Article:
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Save where the beetle wheels his droning flight,
Save that from yonder ivy-mantled tower,
Of such as, wand'ring near her secret bower,
Beneath those rugged elms, that yew-tree's shade,
Each in his narrow cell for ever laid,
The breezy call of incense-breathing Morn,
The cock's shrill clarion, or the echoing horn,
For them no more the blazing hearth shall burn,
 This verse seems to have strong features of similarity with the following in Collin's "Ode to Evening:"
. "Now air is hush'd, save where the weak-ey'd bat "With short shrill shriek flitts by on leathern wing, "Or where the beetle winds « His small but sullen horn."
No Children run to lisp their sire's return,
Oft did the harvest to their sickle yield,
Their furrow oft the stubborn glebe has broke!
How jocund did they drive their team afield!
How bow'd the woods beneath their sturdy stroke!
Let not Ambition mock their useful toil,
Nor Grandeur hear with a disdainful smile
The boast of heraldry, the pomp of power,
Await alike th' inevitable hour.
Nor you, ye Proud, impute to these the feult,
Where thro' the long-drawn aisle and fretted vault
Can storied urn, or animated bust,
Can Honour's voice provoke the silent dust,
Perhaps in this neglected spot is laid
Some heart once pregnant with celestial fire;
Hands, that the rod of empire might have sway'd,
But Knowledge to their eyes her ample page
Chill Penury repress'd their noble rage,
Full many a gem of purest ray serene
The dark unfathom'd caves of Ocean bear:
Full many a flower is born to blush unseen,
 This beautiful comparison of the Gem and the Flower seems borrowed (but with added force and elegance) from Dr. Young.
-Such blessings Nature pours,
"O'erstock'd mankind enjoy but half her stores;
"In distant wilds, by human eyes unseen,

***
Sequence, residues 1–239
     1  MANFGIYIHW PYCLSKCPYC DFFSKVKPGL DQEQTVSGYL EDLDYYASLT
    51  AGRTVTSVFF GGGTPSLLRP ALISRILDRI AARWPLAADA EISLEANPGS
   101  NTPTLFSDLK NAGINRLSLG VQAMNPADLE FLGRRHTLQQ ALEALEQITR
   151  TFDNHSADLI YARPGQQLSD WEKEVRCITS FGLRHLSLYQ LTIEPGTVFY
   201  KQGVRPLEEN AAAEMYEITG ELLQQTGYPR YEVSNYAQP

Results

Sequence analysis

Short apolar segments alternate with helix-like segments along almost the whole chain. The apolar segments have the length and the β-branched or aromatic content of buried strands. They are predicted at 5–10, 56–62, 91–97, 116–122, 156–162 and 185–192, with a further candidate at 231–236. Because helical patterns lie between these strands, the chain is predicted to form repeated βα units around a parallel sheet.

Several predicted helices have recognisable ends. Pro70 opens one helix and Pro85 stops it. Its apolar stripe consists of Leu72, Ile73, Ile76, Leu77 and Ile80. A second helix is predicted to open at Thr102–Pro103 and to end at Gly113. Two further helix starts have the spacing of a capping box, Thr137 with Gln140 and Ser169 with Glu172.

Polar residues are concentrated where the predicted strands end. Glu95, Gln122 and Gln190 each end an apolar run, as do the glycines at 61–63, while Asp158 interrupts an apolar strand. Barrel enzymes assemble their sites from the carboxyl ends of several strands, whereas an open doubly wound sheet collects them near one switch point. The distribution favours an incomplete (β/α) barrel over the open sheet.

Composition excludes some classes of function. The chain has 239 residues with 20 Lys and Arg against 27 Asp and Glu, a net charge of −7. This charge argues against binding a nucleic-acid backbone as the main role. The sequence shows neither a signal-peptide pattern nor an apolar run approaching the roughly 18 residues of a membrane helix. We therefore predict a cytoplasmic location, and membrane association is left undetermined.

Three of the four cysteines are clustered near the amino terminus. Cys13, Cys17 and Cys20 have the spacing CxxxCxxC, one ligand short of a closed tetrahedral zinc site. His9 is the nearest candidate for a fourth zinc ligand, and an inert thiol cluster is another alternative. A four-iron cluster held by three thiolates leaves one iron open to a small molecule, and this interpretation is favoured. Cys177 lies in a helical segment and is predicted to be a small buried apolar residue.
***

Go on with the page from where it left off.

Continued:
"She rears her jlow'rs, and spreads her velvet
"green: "Pure gurgling rills the lonely desert trace, '• And waste their music on the savage race." Universal Passion, Sat. V.
Some village Hampden, that, with dauntless breast,
Some mute inglorious Milton here may rest,
TV applause of list'ning senates to command,
To scatter plenty o'er a smiling land,
Their lot forbade: nor circumscrib'd alone
 Mr. Edwards (Author of the Canons of Criticism), who, though an old bachelor, like Mr. Gray, was more attentive to the fair sex than our Pindaric Poet, endeavoured to supply what he thought a defect in this admired Poem, by introducing after this the two following stanzas, the first of which is certainly the happiest effort of the two:
Some lovely fair, whose unaffected charms
Whose beauty might have blest a monarch's arm»,
That humble beauty warm'd an honest heart,
That virtue form'd, for every decent part,
Forbade to wade through slaughter to a throne,
The struggling,pangs of conscious Truth to hide,
Or heap the shrine of Luxury and Pride
Far from the madding crowd's ignoble strife,
Along the cool sequester'd vale of life
 After this verse, in Mr. Gray's first MS. of the Poem, were the four following:—
The thoughtless world to Majesty may bow,
But more to innocence their safety owe,
Than Pow'ror Genius e'er conspir'd to bless.
And thou who, mindful of th' unhonour'd Dead,
By night and lonely contemplation led
Hark! how the sacred calm, that breathes around
In still small accents whispering from the ground,